Facebook in Real Life

Here’s a hilarious video imagining what a social network website encounter would be like in real life.

One of the difficulties with social network websites is that they present a very simplified picture of human relationships. A person’s social world cannot readily be divided up into friends and not-friends. Human relationships are much more complicated and diverse. The simplified matrix of relationships available on social network websites can result in some awkwardness, and it can also result in too much information disclosure. We might want to disclose a lot of information to certain close friends, but much less information to acquaintances or to friends in a more professional context. There is no easy solution for this problem, because a social network website with hundreds of categories for relationships might be rather complicated and oppressive to use. And people might not be pleased to know precisely where on one’s relationship matrix they stand. Jack might think he’s good friends with Jill, but Jill might classify him as merely a distant acquaintance whom she merely wants to associate with for the purpose of climbing hills.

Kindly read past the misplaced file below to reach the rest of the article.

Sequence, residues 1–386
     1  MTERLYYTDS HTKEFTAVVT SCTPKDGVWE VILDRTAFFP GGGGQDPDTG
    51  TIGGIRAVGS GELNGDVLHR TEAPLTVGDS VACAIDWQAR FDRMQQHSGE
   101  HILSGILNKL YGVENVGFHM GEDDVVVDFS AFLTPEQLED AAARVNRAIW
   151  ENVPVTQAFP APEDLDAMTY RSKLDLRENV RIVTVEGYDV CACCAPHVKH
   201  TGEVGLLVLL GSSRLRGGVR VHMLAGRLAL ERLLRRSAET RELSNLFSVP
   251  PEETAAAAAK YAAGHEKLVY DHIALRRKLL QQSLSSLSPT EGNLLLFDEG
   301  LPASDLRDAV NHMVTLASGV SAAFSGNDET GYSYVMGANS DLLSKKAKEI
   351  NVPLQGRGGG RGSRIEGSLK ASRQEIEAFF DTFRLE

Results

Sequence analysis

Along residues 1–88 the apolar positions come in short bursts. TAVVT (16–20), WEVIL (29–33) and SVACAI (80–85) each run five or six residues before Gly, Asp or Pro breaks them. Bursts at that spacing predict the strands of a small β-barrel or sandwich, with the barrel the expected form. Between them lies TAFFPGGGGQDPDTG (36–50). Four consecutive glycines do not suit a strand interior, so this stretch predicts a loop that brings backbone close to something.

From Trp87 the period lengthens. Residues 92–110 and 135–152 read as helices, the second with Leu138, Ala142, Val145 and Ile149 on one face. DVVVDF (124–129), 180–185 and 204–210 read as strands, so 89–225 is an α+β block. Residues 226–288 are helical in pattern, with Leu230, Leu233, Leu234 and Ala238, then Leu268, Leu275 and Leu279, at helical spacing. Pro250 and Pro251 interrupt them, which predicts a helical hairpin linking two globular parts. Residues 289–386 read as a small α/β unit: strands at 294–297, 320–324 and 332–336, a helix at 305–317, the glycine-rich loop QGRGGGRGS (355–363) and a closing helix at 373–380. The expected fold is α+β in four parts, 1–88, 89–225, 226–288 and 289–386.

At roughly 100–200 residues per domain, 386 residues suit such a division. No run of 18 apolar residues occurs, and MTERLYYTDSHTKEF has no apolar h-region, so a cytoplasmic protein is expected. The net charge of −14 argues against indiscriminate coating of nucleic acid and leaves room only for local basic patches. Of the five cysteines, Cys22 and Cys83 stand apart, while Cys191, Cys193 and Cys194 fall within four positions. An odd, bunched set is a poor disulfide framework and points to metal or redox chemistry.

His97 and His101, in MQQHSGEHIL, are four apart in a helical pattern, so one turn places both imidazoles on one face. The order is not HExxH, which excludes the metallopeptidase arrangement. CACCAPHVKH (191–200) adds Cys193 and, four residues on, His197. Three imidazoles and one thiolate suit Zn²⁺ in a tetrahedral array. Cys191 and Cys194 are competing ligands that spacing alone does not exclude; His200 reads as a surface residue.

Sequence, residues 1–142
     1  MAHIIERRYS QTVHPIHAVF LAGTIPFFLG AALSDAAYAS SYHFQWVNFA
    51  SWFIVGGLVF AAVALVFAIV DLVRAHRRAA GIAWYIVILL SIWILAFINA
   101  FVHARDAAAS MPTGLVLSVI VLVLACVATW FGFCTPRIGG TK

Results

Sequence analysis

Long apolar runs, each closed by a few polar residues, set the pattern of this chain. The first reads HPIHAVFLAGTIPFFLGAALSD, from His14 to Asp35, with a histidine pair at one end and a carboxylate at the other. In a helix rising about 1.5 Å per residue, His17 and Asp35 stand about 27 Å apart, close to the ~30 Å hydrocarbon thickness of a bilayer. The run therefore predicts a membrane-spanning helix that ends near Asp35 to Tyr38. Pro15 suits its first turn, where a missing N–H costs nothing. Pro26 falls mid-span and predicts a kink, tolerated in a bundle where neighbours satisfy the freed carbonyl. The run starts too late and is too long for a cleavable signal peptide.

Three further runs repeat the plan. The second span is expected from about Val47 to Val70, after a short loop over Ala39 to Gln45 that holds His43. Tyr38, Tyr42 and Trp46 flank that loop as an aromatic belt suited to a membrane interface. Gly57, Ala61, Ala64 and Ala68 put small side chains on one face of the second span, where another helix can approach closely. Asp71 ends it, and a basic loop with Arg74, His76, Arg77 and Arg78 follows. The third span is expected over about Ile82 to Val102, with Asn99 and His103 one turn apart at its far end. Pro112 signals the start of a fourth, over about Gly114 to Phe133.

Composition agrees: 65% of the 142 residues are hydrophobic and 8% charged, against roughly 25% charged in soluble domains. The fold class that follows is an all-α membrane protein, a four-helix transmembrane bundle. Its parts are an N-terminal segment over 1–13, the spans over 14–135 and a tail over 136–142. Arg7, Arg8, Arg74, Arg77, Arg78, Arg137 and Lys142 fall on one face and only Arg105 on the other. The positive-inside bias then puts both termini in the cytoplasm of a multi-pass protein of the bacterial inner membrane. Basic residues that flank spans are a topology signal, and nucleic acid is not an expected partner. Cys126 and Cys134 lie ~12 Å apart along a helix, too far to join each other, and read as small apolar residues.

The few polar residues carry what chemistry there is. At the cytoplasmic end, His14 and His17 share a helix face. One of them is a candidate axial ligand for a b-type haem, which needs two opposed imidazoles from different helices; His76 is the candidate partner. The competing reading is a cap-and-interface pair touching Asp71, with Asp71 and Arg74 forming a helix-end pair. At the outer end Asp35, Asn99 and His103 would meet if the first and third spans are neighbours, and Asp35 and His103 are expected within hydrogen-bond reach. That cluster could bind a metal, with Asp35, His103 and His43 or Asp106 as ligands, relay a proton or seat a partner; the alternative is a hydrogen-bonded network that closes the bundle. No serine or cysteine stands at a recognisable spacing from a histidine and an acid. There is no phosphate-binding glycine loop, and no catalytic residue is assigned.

Hat tip: Sivacracy

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3 Responses

  1. KatieM says:

    There’s always the LiveJournal model – that site lets you filter entries so that only certain groups of friends (defined by you and not visible to anyone else) can see them. It’s a useful trick which could probably be expanded to sites like Facebook, although it doesn’t solve the problem of Jill assuming Jack saw the same posts she did and mentioning them, but then that’s a lot like party invites in real life.

  2. A.J. Sutter says:

    There is an “easy solution” for this problem: don’t join social network sites. I myself don’t. And where I do make public comments, e.g. reviews on Amazon, I don’t accept “friend” invitations.

  3. Frank says:

    another solution: Ning allows you to build special purpose social networks. I.e., one just for the “hill climbing” group, one for work, etc.